Introduction to the Devout Life (Image Classics)

by Francis De Sales

Paperback, 1972





Francis de Sales's Introduction to the Devout Life has remained a uniquely accessible and relevant treasure of devotion for nearly four hundred years. As Bishop of Geneva in the first quarter of the seventeenth century, Francis de Sales saw to the spiritual needs of everyone from the poorest peasants to court ladies. The desire to be closer to God that he found in people from all levels of society led him to compile these instructions on how to live in Christ. Francis's compassionate Introduction leads the reader through practical ways of attaining a devout life without renouncing the world and offers prayers and meditations to strengthen devotion in the face of temptation and hardship.


Image (1972), Edition: Reissue, 352 pages


(96 ratings; 4.5)

User reviews

LibraryThing member ctpress
All true and living devotion presupposes the Love of God

This spiritual classic is written not by a monk for monks but by a catholic bishop advising a young wife of an ambassador to live a pious life. Mme. de Charmoisy found it difficult to maintain a devout spirit in the midst of all the glamour of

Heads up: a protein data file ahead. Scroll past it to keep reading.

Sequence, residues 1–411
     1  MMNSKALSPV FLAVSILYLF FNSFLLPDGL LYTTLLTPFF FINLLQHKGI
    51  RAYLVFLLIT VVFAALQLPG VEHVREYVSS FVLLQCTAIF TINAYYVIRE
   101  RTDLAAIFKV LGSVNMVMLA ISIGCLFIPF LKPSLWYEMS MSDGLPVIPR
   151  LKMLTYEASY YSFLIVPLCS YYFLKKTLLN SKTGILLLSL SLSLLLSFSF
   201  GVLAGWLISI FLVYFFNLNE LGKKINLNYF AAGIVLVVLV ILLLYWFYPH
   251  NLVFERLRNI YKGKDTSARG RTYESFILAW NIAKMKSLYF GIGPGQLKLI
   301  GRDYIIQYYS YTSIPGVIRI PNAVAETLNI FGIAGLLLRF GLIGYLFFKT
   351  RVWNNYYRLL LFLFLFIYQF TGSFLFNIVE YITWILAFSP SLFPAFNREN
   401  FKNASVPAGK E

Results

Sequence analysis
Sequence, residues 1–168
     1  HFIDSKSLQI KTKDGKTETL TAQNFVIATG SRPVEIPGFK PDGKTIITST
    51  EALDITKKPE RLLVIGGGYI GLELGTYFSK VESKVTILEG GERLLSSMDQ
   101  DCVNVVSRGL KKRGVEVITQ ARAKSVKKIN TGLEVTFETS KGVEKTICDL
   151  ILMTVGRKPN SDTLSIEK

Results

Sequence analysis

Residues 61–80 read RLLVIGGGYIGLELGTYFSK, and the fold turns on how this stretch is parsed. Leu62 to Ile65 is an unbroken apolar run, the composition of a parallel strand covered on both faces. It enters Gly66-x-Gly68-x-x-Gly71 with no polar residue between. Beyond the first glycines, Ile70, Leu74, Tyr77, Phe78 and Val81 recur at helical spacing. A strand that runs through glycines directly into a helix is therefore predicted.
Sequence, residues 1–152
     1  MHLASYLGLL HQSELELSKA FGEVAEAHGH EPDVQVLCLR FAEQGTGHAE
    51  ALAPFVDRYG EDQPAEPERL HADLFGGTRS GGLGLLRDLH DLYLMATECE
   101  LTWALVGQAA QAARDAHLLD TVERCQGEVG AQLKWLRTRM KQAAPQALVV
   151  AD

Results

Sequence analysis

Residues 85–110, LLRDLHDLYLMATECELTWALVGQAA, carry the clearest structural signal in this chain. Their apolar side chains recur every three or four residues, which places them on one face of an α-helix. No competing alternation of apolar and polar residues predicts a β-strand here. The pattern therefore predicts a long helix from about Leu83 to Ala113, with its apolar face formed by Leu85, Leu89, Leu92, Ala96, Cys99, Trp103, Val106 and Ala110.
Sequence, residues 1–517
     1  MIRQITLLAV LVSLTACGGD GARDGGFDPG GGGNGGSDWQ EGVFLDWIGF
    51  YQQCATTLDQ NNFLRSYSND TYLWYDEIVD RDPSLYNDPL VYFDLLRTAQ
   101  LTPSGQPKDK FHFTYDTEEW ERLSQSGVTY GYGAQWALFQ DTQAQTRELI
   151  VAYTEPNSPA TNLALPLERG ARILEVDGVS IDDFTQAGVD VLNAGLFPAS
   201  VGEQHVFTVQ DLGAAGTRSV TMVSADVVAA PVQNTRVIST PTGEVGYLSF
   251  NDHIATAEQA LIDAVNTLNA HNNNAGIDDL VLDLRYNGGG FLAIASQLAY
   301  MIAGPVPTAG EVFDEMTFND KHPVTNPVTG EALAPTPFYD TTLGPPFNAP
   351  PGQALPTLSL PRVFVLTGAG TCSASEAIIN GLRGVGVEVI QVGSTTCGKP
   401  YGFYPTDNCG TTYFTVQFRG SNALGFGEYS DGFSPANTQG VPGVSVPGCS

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courtly life. So she wrote to Frances de Sales for advise.

Francis de Sales starts with an explanation of what a devout life is. Then follows very practical advise on prayer introducing topics to meditate on and several resolutions. In the third section he describes various virtues and how to pursue them - then there's a section on temptations and how to overcome them. The last part focuses on the conscience and how to maintain a pure heart and a love for God.

I found Francis de Sales very balanced in his understanding of spiritual formation and direction - of course when he gets practical on "worldly" things like card playing, how to dress etc. time and culture has changed in the last 400 years.

What was specially helpful was the section on virtues - when he talks about patience, humility, gentleness, purity, poverty of spirit and the chapters on true and false friendships. These parts I will return to, no doubt.
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LibraryThing member deanc
Francis De Sales (1577-1622), a Roman Catholic priest and one of the 33 Doctors of the Church (so honored by Pope Pius IX in 1877), published this work in 1609. It is a collection of lessons or meditations, grouped into five parts, on the "purgative way, the illuminative way, and the unitive way,